Now, I'm not, as a rule, in favour of any new law that doesn't do away with the laws it's trying to update - and miraculously, at least in part, this looks like it's going to happen, too. To whit, they're going to take away the right of magistrates to impose fines for sex work. Let me repeat that. No more slapping a fifty quid fine on any poor streetwalker the fuzz happen to pick up. All they can now make orders for are 'meetings' - and according to McTaggart, this will include sessions with drugs counsellors.

This is fantastic. In anyone's book, this is fantastic. Questioning McTaggart over why the government isn't being braver and taking the logical, sane next step - making the selling of sex entirely legal - she replied that she and many of her colleagues in government would support such a move, but that it was being blocked from within. Blocked by whom, she wouldn't say, but I'm guessing that at least one of the blockifiers is very unhappy with women being allowed to sell sex and get away with it - unhappy with any suggestion that it might be the tricks and the pimps who bear responsibility for any abuse that happens, rather than the women's fault for opening their legs in the first place.

Is this bill, with all of its amendments, entirely sound? Absolutely not. Does this new piece of legislation go far enough in making life easier for prostitutes who choose their profession and harder for pimps and tricks who rape and abuse? No, it doesn't. But it's a step, a tiny step, in the right direction. If it were me, I'd make the selling of sex entirely legal to boot, and insitute a programme of advertising and a sex education curriculum where boys can learn from an early age what life is like for women in the sex industry. But hey, it's a start. To help you sort out your thoughts on this one, I've compiled a handy checklisty type of wotsit, inspired by Liberal Conspiracy's recent Gaza mythbusting efforts. Enjoy.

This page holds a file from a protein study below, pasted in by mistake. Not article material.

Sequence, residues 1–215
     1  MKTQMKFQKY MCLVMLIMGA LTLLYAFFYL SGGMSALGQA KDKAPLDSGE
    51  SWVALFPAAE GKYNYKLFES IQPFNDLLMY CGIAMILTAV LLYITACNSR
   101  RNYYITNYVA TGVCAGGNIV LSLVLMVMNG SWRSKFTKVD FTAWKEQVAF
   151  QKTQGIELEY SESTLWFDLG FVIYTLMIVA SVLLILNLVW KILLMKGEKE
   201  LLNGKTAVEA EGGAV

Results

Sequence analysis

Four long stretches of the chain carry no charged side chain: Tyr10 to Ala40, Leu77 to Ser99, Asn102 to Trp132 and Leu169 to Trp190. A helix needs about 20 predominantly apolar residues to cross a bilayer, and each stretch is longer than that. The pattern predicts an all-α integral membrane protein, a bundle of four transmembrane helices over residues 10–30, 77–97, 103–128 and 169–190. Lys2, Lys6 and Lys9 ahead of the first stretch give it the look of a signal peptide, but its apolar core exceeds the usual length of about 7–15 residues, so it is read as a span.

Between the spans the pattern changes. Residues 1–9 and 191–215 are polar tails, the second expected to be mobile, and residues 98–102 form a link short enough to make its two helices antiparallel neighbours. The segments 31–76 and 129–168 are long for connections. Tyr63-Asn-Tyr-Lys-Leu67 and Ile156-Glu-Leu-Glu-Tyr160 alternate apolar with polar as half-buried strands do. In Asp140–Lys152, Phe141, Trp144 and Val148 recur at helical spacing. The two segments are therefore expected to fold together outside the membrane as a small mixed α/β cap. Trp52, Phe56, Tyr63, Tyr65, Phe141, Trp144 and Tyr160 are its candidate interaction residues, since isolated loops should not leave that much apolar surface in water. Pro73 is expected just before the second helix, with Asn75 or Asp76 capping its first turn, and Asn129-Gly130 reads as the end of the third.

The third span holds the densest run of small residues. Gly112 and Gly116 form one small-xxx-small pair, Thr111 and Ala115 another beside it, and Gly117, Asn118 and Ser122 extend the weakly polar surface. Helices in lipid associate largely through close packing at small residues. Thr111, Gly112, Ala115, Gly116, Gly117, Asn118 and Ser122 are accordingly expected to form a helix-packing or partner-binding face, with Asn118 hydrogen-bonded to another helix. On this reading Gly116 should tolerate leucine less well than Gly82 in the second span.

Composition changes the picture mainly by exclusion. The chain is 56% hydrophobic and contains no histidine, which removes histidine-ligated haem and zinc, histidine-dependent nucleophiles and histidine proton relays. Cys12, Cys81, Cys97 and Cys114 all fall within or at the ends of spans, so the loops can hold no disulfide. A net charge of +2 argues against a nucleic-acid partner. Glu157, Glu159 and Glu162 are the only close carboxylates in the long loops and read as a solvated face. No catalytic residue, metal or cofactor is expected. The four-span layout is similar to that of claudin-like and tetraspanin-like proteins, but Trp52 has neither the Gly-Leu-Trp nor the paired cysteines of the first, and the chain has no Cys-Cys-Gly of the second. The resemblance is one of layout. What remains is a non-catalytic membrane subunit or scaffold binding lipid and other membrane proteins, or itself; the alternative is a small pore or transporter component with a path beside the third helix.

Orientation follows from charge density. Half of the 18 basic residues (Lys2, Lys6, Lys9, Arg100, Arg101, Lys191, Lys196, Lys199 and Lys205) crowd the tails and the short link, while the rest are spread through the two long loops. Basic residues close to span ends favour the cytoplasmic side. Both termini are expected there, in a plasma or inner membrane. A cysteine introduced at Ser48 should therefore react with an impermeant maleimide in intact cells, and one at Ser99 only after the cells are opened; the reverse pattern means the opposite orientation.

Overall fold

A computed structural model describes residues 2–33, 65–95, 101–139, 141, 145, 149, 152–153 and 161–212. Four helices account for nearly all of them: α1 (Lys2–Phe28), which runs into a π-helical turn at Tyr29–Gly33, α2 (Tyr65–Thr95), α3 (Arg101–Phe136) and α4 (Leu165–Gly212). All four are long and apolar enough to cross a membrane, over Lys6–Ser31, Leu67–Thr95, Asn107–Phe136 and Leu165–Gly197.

Prostitution - an end to whataboutery.

  • If you think that all women who work in the sex industry do so of their own free will, in full knowledge of the consequences and not coerced by anyone, you are wrong.
  • If you think that no women who work in the sex industry do so of their own free will, you are also wrong.
  • If you think that sexual slavery doesn't exist - or if you think that it doesn't matter - you're an idiot.
  • If you think that no woman involved in the sex industry has any agency or autonomy - you're fooling yourself.
  • If you think that your human right to a cheap, consequence-free fuck trumps a coerced woman's right to decide what happens to her own body, you're an arsehole.
  • If you think that the fact that IUSW union members might lose a bit of business or have to change their working practices trumps a coerced woman's right to decide what happens to her own body, you may need a knife and fork - you're going to choke on that party line.
  • If you think that making prostitution more illegal or totally illegal is going to stop it happening, you're a fool.
  • If you're worried that you might sleep with a sex slave by accident - you may want to look again at how and where and why you buy sex.
  • If you think that no significant part of the sex industry is currently a)unsafe or b) underground, you're either lying, ignorant or extremely lucky.
  • If you think that the ultimate culpability for abuse within prostitution lies with the women who turn to vice and let themselves be abused, you're a wanker.